So I think from reading about them, the niche for the longbow was to shoot as ‘clout shooting’, or shooting into an area as opposed to specific individual targets, to a distance of 250 meters or maybe more, with relatively heavy killing arrows.
Whereas the recurves had a bit more range with flight arrows but were used at that range to wound and harass. Both weapons had a relatively short range for shooting individual targets closer to around 50 meters. For the Steppe Nomads, that is where the killing was done. They could take advantage of their mobility to cause incremental damage at what was for them a safe range, then move in closer for the kill when the enemy morale was wavering.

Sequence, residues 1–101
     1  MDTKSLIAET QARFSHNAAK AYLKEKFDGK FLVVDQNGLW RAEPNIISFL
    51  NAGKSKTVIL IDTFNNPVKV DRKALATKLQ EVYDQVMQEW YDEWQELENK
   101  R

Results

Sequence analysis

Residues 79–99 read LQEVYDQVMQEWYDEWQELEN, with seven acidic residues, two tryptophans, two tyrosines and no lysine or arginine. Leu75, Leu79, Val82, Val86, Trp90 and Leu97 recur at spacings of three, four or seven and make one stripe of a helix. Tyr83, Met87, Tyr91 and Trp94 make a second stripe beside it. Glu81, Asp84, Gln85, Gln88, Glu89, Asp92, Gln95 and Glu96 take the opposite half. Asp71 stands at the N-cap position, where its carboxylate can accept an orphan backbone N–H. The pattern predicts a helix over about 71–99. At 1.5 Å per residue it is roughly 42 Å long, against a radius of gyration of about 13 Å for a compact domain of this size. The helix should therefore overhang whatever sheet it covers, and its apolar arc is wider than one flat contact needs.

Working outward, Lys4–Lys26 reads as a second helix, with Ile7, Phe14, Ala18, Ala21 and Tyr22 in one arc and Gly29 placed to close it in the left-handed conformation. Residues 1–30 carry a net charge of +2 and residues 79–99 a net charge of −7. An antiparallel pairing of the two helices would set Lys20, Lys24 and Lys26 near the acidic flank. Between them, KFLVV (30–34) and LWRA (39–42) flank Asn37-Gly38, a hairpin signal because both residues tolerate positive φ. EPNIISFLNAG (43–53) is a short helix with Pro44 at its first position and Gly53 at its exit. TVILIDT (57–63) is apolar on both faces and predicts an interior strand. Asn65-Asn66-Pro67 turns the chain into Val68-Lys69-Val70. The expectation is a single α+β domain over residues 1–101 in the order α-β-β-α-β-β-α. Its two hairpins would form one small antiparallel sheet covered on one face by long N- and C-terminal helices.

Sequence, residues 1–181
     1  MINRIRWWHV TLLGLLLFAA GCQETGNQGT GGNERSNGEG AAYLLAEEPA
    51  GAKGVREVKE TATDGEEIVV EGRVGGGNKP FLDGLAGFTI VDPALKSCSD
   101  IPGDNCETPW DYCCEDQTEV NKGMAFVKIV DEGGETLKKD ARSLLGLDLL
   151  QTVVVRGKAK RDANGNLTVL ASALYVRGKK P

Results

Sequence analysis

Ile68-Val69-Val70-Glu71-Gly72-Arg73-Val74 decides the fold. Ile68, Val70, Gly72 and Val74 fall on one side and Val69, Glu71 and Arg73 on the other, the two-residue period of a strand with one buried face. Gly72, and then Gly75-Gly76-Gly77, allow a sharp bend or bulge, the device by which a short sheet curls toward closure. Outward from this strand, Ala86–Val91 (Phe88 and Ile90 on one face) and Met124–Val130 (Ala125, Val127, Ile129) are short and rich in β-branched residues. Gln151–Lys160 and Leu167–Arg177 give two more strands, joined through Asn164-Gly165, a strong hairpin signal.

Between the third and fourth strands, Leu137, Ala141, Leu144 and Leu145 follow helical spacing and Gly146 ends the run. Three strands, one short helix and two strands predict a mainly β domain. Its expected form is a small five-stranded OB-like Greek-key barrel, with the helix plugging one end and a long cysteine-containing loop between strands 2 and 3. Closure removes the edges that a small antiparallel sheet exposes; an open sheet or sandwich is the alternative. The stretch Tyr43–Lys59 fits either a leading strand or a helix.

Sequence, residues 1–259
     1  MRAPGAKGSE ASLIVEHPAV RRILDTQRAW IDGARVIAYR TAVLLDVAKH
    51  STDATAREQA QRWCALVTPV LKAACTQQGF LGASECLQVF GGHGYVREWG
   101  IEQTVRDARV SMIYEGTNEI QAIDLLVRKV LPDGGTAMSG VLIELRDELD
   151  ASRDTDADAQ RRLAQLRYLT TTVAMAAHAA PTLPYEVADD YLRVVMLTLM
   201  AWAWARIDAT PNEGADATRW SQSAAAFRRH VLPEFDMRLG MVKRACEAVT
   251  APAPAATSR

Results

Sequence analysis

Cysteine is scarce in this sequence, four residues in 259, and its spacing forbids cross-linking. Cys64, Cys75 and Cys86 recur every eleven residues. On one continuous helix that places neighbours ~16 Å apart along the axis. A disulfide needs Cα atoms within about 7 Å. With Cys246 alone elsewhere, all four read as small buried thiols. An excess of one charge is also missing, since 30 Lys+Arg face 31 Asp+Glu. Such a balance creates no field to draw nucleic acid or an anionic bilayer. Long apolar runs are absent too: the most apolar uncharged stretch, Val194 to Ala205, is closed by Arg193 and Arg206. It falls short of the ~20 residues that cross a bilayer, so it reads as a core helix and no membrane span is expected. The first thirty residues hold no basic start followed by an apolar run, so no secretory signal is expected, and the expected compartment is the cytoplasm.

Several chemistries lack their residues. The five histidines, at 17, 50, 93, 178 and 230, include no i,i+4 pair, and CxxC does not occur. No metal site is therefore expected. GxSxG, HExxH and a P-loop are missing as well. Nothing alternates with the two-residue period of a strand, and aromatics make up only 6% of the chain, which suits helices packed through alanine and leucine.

Crossbows, especially when used supported on a wall (or on a pavise, the gunwhale of a boat, the side of a wagon etc.) could hit individual targets out to about 150 meters. The Mongol secret history describes their horses being killed at (what we think is) about that range. They were also used for ‘clout shooting’ depending on the circumstances, but were apparently not as effective in that role.
Crossbow bolts were as we have already noted, much shorter as well as being heavier. They also had paper instead of feather vanes and usually only two instead of three as was more typical on bows (? or was it?)
Crossbows were also used on horseback, as were (somewhat surprisingly) longbows apparently though so far as I could determine, not until the 16th Century and mostly up in the Scottish border region.